7. @Whatnot there was no protection on it at all, the JPEG images were there for the taking, its just they are in the firmware, which is stored on the Serial Flash chip that the processor loads its instructions from. Its just a mater of taking the chip off, downloading its contents, changing them, and reprogramming it. The protection isn’t really protection, just a matter of those images weren’t meant to be accessed or changed as a feature.
    As for the SD or USB stick adapter to a computer, this is something I want to do, and will give it a go someday. Just need to build up some more skills and figure out the right parts to make it happen.

  8. Did I mess something? I wanted to look at source code so I downloaded this:

    1528765 May 7 15:40 d6659a7e718a.rar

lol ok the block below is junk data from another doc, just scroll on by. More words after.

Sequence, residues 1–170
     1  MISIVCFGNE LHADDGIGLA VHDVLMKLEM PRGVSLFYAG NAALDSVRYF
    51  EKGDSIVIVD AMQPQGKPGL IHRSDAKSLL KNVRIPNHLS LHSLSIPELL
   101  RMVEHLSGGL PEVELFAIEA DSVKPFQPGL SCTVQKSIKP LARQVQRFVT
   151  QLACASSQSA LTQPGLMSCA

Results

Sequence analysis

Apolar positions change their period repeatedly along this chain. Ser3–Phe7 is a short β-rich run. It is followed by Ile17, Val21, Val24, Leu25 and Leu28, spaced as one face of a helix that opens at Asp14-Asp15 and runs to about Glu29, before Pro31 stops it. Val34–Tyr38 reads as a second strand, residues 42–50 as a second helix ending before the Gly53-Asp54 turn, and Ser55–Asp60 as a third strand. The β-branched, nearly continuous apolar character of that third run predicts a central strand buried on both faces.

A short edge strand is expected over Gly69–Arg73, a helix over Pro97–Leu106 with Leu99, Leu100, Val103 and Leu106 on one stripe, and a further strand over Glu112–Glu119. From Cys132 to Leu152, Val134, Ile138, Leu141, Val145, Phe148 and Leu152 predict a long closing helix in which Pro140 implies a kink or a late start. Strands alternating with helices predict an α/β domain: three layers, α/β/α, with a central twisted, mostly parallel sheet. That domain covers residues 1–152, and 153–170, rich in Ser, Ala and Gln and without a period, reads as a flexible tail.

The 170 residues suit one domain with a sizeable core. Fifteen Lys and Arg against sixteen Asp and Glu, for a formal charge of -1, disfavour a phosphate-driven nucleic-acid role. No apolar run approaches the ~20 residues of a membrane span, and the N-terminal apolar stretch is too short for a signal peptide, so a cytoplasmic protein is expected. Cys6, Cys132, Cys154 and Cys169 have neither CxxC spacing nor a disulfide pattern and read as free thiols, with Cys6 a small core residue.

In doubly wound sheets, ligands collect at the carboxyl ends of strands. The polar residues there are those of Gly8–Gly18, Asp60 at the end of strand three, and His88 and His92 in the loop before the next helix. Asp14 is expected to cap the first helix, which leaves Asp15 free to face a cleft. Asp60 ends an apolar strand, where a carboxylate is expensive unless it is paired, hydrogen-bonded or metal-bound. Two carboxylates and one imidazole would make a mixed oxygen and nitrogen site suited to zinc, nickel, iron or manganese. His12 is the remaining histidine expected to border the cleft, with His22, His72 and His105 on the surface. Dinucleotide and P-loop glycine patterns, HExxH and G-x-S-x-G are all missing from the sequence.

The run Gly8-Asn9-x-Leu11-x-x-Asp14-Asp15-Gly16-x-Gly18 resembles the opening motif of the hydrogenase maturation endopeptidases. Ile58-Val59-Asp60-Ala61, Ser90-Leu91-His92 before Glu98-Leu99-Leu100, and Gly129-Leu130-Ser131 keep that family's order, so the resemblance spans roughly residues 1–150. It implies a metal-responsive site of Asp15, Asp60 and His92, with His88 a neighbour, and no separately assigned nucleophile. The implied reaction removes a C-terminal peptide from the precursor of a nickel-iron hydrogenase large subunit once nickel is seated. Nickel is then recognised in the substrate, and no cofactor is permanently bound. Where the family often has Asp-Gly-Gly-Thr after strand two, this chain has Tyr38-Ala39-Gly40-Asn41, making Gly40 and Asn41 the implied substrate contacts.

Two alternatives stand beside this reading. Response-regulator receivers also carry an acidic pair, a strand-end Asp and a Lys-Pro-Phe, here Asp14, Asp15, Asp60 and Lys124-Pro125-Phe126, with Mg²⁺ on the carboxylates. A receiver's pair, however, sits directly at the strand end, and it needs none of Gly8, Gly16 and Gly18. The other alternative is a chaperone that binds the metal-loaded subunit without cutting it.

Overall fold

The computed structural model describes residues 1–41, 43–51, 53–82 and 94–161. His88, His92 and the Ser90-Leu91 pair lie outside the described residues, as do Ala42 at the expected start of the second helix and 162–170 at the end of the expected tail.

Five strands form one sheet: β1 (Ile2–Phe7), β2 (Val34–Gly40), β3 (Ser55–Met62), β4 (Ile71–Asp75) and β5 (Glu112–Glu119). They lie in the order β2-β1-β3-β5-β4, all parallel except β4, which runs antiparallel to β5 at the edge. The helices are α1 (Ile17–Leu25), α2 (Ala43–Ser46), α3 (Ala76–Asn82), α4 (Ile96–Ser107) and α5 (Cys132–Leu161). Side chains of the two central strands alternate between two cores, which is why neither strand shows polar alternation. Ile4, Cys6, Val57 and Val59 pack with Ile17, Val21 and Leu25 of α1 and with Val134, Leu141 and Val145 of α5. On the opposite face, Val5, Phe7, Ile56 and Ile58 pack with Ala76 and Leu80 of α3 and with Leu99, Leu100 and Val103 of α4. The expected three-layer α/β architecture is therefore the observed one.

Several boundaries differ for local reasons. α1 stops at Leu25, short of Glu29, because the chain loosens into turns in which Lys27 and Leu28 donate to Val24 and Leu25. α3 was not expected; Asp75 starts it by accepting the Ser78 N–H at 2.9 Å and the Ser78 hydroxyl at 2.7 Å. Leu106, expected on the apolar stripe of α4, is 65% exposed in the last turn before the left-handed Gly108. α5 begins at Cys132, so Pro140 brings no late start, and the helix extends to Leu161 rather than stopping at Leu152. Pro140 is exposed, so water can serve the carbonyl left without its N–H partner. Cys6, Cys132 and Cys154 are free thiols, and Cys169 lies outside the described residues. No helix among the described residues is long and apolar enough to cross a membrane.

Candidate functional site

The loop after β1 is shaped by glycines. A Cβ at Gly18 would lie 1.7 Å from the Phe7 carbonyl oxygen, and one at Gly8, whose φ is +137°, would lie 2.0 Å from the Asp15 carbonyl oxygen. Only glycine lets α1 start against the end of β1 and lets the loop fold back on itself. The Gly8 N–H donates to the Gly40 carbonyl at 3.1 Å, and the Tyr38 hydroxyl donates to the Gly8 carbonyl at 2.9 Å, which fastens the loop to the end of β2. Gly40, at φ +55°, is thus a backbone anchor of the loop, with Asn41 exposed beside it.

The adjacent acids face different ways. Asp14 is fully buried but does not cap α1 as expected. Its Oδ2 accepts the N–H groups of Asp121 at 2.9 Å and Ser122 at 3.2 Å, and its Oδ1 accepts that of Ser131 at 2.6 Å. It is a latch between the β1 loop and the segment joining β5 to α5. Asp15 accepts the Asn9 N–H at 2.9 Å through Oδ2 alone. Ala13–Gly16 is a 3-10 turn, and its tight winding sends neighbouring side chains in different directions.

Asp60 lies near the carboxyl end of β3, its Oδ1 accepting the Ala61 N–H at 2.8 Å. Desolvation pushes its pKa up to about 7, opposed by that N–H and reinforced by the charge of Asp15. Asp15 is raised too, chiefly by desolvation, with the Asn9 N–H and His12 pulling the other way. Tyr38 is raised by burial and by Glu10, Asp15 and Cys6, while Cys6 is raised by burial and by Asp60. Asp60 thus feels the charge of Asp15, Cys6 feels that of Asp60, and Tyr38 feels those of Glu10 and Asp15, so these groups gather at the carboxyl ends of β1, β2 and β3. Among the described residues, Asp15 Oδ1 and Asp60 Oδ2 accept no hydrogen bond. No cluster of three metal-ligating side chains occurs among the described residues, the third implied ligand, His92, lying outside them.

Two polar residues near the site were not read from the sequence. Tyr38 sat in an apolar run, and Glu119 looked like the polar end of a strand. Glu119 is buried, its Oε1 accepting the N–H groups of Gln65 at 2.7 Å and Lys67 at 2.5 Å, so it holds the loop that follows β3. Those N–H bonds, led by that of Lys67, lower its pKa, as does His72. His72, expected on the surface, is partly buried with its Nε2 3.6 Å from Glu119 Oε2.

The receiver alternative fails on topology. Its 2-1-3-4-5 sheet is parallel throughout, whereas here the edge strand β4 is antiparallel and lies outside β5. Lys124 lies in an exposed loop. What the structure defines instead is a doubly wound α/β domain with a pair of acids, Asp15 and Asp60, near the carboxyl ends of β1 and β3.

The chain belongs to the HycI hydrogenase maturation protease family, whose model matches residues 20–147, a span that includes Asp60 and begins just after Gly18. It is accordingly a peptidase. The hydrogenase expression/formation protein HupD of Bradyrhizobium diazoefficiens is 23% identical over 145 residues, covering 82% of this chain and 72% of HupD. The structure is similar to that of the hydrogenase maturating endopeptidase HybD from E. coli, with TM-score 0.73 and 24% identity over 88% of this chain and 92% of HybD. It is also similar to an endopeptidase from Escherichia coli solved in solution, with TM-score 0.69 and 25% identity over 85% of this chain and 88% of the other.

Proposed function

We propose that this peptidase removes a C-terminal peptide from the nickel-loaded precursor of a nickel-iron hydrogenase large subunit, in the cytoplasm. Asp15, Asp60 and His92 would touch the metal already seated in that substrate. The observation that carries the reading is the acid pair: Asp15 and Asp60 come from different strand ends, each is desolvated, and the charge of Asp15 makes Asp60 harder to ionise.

But only found this stuff inside:

    542720 Apr 12 2007 CT952-ROAD-WELL-VER1.2.DSN
    146 Apr 12 2007 CT952-road-well-VER1.2.txt
    1662122 Apr 12 2007 CT952-road-well-VER1.2.pcb 1514454 Apr 12 2007 CT952-road-well-VER1.2.asc
    60928 Apr 10 2007 CT952-Road-Well-VER1.2.xls
    15360 Apr 6 2007 电流.xls
    1309416 Apr 4 2007 DVD909.rom

    Looks like mostly board layout stuff.

    Guess I’m kind of jaded. I don’t like these new Pacific rim players. I’ve been down this road buying hardware and poking around in these so called source code files. Only to find the important bits of code have been left out. I already have a pile of SigmaDesign boxes. And I really don’t want to add Amlogic boxes to the stack.

  9. @Whatnot